Dr. Richard got his Ph. D. at Rensselaer Polytechnic Institute, 1989 & a B. S. at Boston University, 1984. He was at NASA Glenn, 1989-1995, worked at Argonne National Lab, 1996-1997, taught at Chicago State University, 1997-2002. Dr. Richard is a Instructional Associate Professor @ Texas A&M since 1/03. His research is focused on computational plasma modeling using particle, spectral Maxwell/Boltzmann, and lattice Boltzmann methods for studying plasma turbulence and plasma jets. His research has also included fluid physics and electric propulsion using Lattice-Boltzmann methods, spectral element methods, Weighted Essentially Non-Oscillatory (WENO), etc. He also studies engineering enculturation to better quantify and understand what in a classroom develops the engineering student into an engineer, building critical, computational and algorithmic thinking, with respect to cultural, ethnic, racial, gender, sexual, nationality, socioeconomic diversity.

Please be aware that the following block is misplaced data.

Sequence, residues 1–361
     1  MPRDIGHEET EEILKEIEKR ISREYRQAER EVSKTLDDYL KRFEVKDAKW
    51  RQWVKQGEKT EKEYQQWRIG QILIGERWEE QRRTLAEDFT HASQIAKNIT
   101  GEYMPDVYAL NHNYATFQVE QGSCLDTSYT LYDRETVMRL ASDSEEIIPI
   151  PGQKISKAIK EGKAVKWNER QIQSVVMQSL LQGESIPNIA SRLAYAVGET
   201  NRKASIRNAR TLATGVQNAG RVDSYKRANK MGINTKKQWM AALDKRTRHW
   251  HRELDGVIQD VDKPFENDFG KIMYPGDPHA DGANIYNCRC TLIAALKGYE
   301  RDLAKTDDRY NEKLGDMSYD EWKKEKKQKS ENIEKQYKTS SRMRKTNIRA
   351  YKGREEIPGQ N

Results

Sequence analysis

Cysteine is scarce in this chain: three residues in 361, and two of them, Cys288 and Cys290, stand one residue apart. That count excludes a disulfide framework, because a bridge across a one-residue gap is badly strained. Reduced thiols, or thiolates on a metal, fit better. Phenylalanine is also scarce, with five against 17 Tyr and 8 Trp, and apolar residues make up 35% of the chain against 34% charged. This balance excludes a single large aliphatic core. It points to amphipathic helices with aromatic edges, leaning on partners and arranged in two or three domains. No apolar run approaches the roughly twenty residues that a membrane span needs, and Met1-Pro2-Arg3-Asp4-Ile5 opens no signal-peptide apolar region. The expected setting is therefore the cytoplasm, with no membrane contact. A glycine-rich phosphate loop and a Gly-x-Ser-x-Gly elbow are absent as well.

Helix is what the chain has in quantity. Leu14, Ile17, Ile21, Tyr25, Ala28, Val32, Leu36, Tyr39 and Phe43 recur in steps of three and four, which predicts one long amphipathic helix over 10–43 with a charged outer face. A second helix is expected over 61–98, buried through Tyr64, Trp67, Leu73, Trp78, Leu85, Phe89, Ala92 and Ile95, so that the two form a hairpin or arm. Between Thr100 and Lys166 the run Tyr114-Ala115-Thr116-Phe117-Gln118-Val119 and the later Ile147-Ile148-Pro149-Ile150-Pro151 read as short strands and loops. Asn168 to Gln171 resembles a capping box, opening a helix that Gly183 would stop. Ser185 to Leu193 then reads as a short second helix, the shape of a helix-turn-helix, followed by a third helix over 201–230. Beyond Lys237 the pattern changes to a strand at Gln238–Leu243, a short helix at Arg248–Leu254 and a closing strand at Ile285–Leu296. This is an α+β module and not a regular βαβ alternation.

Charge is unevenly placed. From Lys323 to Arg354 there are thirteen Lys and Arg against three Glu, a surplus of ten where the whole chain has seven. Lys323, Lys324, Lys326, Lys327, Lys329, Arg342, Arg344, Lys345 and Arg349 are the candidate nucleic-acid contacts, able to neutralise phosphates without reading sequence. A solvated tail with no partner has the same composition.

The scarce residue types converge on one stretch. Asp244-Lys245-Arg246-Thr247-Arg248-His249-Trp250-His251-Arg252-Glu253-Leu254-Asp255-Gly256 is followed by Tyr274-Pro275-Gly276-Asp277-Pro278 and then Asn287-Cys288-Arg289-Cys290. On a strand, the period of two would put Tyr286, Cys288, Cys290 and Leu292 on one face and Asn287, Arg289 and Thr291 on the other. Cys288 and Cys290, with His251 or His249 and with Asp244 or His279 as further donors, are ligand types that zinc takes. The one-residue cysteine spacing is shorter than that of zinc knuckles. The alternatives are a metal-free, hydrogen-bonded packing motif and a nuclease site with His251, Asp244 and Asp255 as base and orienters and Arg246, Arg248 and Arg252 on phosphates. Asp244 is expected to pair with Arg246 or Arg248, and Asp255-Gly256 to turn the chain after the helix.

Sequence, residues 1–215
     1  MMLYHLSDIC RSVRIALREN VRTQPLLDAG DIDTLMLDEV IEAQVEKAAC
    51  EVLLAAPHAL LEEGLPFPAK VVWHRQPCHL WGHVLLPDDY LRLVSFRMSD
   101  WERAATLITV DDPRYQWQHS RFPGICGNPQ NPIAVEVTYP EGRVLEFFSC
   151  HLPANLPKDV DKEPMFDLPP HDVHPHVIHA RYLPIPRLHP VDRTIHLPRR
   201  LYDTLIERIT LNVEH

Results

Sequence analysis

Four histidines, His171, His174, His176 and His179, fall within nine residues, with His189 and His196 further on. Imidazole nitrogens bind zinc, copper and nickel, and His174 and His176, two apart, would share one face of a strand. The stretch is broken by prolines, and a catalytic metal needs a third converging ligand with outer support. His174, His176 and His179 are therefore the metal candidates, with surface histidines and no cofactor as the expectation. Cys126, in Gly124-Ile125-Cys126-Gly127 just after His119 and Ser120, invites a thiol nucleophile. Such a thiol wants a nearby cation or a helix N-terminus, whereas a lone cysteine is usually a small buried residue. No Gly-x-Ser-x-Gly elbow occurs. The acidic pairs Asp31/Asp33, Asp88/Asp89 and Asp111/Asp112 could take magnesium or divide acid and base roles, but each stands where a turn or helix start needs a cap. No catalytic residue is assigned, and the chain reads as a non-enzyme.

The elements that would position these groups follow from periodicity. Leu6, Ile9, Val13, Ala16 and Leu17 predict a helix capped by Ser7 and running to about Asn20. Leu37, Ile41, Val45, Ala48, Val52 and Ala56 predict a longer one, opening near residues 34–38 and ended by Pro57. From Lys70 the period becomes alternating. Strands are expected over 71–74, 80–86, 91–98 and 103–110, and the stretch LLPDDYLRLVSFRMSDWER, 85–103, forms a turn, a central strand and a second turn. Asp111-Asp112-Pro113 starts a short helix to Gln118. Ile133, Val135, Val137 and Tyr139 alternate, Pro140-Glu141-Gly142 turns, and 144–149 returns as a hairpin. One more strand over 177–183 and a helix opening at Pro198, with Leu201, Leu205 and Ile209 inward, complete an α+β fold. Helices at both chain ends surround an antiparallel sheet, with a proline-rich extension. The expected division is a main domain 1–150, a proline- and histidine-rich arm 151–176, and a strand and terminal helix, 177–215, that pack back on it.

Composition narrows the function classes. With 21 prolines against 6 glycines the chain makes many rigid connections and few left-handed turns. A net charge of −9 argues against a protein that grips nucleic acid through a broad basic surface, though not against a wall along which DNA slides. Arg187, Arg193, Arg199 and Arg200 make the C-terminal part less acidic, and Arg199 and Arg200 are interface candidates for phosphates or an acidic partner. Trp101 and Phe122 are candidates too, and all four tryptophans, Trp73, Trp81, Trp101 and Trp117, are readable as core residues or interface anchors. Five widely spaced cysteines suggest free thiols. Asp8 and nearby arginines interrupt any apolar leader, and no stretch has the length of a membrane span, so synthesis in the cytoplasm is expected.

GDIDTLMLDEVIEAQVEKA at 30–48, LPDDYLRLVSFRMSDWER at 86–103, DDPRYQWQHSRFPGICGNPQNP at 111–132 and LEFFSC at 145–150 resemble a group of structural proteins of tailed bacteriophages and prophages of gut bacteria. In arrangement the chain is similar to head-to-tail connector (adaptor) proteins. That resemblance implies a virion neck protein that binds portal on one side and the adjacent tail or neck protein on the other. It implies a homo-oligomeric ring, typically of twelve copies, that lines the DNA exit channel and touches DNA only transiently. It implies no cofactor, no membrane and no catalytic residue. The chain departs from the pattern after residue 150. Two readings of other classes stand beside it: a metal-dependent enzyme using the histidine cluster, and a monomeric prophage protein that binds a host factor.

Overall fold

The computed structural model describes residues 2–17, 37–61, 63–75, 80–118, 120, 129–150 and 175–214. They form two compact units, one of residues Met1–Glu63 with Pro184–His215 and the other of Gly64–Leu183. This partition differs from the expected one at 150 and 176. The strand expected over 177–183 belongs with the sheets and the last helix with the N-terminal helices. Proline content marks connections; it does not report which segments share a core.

Past research includes modeling single and multi-species plasma flows through ion thruster optics and the discharge cathode assembly; computer simulations of blood flow interacting with blood vessels; modeling ocean-air interaction; reacting flow systems; modeling jet engine turbomachinery going unstable at NASA for 6 years (received NASA Performance Cash awards). Dr. Richard is involved in many outreach activities: e.g., tutoring, mentoring, directing related grants (e.g., a grant for an NSF REU site, engineering education). Dr, Richard is active in professional societies (American Physical Society (APS), American Institute for Aeronautics and Astronautics (AIAA), etc.), ASEE, ASME. Dr. Richard has authored or co-authored about 35 technical articles (about 30 of which are refereed publications). Dr. Richard teaches courses ranging from first-year introductory engineering design, fluid mechanics, to space plasma propulsion.